The house where they grew up during their high school years was located in a small town in rural Illinois. Robert and Scott would lock themselves in their upstairs bedroom and toil away at their next creative project. They wrote dozens of songs and played them whenever they had a chance at local cafes, friends’ birthday parties, and barns in the middle of nowhere. They put together a high energetic punk band with their close friends that later evolved into a more hardcore, metal mosh phenomenon. Soon after the band began to dissipate.
After high school the brothers stuck together and went to the same college so they could continue writing and working together. Robert majored in music and was trained as a classical singer, while Scott studied media, a degree that gave him school credit to direct and produce a feature length film on a very small budget. Robert ended up playing one of the lead roles as well as scoring the movie, while Scott spent endless hours editing all the footage. During the production and completion of the film, their music had now turned toward a more electronic sound. Their shows consisted of the brothers switching back and forth between piano, guitar and synthesizer, while both operated the laptop that acted as their drummer. After awhile, the stage set up became so complex that they decided to get back to the basics of songwriting, stripping their musical world down to a guitar and a voice. After focusing on crafting even better songs, they teamed up with their friends in The Giving Tree Band and recorded their debut record under the name The Cerny Brothers in Yorkville, Illinois.
Their first album “Dream” was what they carried with them as they packed up everything they had and headed out to Los Angeles. Robert started to learn the banjo, and they practiced for hours writing new songs in their apartment. At this point they didn't know anyone, and on top of that started to receive complaints from the neighbors that they were being too loud. The brothers soon took to parking their van for hours on the side of the road while they rehearsed inside it. In a musical climate so bloated that it was easy to get buried in the noise, Robert and Scott set out for a sound that would project in the midst of it. They played for a while with a drummer, which set apart their breed of folk rock from any other acoustic music happening in LA. The Cerny Brothers played all over the city and soon found a bassist and a practice space in the basement of their church. They recorded an album in Ojai, California, which included popular songs like “Ohio” and “Don't Run,” with “beautiful folk melodies and extremely catchy and chorus driven sing-a-longs.”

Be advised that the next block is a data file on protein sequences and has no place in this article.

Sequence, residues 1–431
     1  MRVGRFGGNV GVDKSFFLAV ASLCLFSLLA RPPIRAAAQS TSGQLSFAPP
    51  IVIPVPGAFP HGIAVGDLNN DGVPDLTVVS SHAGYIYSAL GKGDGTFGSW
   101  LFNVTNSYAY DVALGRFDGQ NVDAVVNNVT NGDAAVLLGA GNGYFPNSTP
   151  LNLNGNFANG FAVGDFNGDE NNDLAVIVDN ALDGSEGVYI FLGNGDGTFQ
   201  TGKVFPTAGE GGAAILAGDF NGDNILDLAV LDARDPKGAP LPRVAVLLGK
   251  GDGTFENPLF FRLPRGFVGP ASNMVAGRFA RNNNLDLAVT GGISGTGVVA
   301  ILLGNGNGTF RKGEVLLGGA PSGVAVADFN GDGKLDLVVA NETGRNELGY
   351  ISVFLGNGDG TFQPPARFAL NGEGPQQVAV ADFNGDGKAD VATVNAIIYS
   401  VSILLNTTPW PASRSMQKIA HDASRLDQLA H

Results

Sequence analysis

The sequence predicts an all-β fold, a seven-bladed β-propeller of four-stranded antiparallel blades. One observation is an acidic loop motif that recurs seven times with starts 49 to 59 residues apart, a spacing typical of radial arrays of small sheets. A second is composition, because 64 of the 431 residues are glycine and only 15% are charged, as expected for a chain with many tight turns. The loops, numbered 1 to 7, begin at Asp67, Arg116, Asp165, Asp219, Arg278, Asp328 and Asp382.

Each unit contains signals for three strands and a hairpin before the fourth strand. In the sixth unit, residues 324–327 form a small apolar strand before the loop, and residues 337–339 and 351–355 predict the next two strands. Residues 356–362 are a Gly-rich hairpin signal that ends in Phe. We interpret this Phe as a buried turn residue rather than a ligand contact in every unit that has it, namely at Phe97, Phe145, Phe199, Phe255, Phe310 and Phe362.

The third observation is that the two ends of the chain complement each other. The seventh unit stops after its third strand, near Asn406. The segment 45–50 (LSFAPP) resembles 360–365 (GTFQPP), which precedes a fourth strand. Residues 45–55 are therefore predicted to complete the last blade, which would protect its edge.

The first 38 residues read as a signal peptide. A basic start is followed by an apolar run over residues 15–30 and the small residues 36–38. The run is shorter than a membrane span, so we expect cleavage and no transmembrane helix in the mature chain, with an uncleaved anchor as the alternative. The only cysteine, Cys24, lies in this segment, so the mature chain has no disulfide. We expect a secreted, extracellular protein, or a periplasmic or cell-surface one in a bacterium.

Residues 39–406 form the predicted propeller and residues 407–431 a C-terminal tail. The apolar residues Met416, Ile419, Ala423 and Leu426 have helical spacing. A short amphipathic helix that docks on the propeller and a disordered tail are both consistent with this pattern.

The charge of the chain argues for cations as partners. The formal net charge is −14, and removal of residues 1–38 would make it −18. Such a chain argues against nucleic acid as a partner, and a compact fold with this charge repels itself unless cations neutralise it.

Soon after the release of the album, The Cerny Brothers hit the road, first up and down the west coast and then all the way back to the Midwest. After splitting off with their previous bass player, they met Albert Hickman, who learned the whole set in about a week and then set out on another tour. Alby heard the band at a recording session back in LA and said there had been an immediate connection. Growing up in Santa Monica while studying classical guitar and mandolin, he was moving a million miles a second between all types of music. He went from playing Bach and Hank Williams to buying an upright bass and joining the band. It was Alby's friend Robert Anderson who would later join the band as the new drummer. Robert came from the other side of the country in Florida, where he studied drums, mostly with an emphasis in jazz. Other than the fact that there were now two Roberts in The Cerny Brothers, the transition was a great addition to the group.
Buzzbands.LA call The Cerny Brothers “a group without any trendy gimmicks, a lead banjo player strumming with the same vigor as if on the electric guitar and simplistic lyrics delivered with strength.” This year marks the release of their new album “Sleeping Giant,” which they recorded at Bear Creek Studios in Seattle with producers Jerry Streeter and Ryan Hadlock, who are known for their work with Brandi Carlile and The Lumineers. The album signifies a new direction for the band, as the music has turned from an acoustic, folk element to a more electric, American rock sound while still keeping the folk spirit from their earlier work. The songs on “Sleeping Giant” deal with becoming a man and finding identity in a constantly changing world, staying rooted in something that can be shaken but not moved, and realizing that we all have a sleeping giant inside of us waiting to be set free.